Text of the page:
I surprised my Indian relatives by going out alone (i.e. to have breakfast with a girlfriend) at D+1, then running the stairs up and down like a maniac at D+2. And I myself got my share of surprises, for example when my mother-in-law predicted me the delivery date indicated by the stars. Or when she told me that in Kerala, the new mother must spend the first ten days bedridden, to recover (cf Babies made-in-India - 3). At the end, I delivered in a complete astral chaos (or at least in the greatest contempt for astral predictions), and two days after I got back home, I was perched on a stool to reorganize the kitchen cupboards... Lets not see here any provocation ;)


(To be continued...)


Baby Samourai made-in-India - 3. Choosing the delivery method

india,birth,water birth,pregnancy,baby,infant,newborn,delivery,midwife,swaddling,swaddle,diaper,breastfeeding,hospital,fertility,contraception,sterilizationPregnancy is fine but well, the time of giving birth did come at some point. Not that I was in a hurry but, as I read somewhere, we never saw a 24-month pregnant woman!


Determined to follow Mother Nature’s ways as much as possible (i.e. to avoid caesarean delivery), I let the British midwife to convince me to try to aquatic experience... She had nice arguments, like the relaxing effect of hot water which is a natural painkiller.


Them, to support her theory, she found nothing better than showing me, like that, completely out of the blue, a video of a water birth at home. It was very, very hard for me not to burst into tears. And not of emotion before this miracle of nature, no. Of terror. I am still traumatized by this video, and the image of the huge woman with huge boobs giving birth in her living room, with her eldest daughter, husband, mother, dog around.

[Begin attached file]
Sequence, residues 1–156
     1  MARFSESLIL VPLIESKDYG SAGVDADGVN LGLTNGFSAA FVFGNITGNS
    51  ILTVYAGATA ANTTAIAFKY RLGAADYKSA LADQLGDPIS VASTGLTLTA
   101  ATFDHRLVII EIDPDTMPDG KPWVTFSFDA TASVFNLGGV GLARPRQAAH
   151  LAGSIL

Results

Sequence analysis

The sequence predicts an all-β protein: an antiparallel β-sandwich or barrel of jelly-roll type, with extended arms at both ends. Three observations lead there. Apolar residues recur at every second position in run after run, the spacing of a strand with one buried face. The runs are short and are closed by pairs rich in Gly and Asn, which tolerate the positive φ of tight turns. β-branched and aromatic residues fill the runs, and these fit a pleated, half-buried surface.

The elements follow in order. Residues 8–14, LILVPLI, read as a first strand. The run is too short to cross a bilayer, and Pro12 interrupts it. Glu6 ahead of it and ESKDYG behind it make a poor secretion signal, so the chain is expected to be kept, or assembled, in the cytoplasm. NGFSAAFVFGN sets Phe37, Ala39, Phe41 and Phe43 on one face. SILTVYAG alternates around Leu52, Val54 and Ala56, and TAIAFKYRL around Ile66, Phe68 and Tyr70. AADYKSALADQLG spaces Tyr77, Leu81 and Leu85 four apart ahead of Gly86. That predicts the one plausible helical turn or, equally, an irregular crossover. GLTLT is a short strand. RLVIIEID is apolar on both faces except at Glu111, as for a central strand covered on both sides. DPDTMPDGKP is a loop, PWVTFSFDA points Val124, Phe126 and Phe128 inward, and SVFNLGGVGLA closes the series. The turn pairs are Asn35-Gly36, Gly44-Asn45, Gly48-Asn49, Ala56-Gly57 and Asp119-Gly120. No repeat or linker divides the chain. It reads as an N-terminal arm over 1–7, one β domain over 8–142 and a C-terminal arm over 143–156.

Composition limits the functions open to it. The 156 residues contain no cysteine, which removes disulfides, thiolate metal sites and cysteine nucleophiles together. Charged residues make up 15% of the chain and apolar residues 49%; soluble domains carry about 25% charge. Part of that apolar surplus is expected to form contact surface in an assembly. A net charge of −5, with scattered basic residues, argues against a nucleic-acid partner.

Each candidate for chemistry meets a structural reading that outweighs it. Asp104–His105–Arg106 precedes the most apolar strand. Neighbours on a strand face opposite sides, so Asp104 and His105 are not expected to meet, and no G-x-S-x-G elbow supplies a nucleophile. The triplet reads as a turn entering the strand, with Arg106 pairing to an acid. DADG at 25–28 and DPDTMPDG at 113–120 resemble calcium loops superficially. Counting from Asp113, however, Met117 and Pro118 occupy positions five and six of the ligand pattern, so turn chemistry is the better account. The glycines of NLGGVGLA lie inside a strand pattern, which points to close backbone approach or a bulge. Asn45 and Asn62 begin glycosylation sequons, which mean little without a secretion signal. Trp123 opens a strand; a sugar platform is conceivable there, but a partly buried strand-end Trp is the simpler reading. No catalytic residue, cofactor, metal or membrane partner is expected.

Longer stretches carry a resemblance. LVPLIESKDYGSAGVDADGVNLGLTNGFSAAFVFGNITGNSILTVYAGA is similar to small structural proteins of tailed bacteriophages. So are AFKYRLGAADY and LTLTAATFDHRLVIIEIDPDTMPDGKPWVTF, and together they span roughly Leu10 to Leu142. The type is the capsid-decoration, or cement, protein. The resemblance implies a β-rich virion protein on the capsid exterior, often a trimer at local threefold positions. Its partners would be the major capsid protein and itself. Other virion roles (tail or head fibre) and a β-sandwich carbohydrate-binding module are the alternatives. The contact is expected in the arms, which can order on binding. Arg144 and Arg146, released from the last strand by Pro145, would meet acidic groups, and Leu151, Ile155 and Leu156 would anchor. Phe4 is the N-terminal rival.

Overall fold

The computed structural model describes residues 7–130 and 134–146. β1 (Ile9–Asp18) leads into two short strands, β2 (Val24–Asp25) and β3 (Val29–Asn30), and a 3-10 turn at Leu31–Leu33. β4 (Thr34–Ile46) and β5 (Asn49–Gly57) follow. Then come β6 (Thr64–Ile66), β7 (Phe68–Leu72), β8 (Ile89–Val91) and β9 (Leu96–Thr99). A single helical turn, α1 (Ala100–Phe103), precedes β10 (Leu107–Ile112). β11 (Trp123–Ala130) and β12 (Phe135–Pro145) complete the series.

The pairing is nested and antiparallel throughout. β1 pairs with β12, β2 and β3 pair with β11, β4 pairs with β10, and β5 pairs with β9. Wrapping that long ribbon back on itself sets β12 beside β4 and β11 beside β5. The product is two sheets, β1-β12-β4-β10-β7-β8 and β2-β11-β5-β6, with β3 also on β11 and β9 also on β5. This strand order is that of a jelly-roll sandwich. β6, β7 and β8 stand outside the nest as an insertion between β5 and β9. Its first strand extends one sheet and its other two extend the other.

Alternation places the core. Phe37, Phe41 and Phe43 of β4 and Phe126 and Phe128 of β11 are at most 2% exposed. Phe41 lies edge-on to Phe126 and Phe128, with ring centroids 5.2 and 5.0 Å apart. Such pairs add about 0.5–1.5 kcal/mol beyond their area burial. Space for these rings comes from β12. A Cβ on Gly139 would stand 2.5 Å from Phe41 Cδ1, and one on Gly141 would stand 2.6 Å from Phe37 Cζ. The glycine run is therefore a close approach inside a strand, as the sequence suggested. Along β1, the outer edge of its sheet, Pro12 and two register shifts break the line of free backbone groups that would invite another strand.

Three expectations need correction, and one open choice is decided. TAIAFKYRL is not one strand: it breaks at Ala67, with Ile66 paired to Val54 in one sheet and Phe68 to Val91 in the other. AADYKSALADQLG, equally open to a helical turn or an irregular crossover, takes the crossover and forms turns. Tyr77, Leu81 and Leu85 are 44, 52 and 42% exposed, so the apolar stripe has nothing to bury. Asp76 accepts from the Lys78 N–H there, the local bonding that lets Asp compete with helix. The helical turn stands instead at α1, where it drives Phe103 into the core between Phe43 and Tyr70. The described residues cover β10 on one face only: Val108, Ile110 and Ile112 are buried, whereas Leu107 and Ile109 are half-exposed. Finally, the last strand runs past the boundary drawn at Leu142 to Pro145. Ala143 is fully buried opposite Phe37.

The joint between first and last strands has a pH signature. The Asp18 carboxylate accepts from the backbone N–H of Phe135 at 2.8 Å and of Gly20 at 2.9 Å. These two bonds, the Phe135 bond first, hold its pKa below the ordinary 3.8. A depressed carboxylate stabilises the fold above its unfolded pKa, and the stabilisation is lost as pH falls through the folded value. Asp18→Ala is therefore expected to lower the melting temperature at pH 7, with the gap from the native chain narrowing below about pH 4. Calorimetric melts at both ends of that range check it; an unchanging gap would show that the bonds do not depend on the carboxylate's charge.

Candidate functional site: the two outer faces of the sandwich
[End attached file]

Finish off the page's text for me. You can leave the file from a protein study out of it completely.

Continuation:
Giving life to a child is supposedly the most beautiful thing in the world. But then why so much suffering huh?? The midwife, wanting to be reassuring, commented on the video: "you see, sometimes, she even smiles between two contractions”. Fantastic!

Well, anyway, this pain I couldn't start to imagine it, so I focused on a detail that may seem trivial: the heavy breasts of this mother. Already, being myself very reserved, I was really worried about having my parts exposed to the entire human race during childbirth. And I had started seriously considering delivering all alone in my bathroom when the midwife added, as if she had read my mind: 'don’t worry, you can keep a spaghetti top or a sports bra. And to close the deal with this argument: “water birth is definitely the most intimate way to deliver a baby, because you are all alone in your pool, nobody to stare between your legs". Sold!


A few weeks before the D-day, I went to the pool of a hotel to test the waters... I was indeed curious to see if it would have the desired effect: everyone recommended me immersion to get relief, to feel lighter. I did not feel any lighter when entering the water... On the other hand I did feel heavier when getting out of it! But anyway, since I had no problems with gravity, I decided to not renew this experience...


(To be continued...)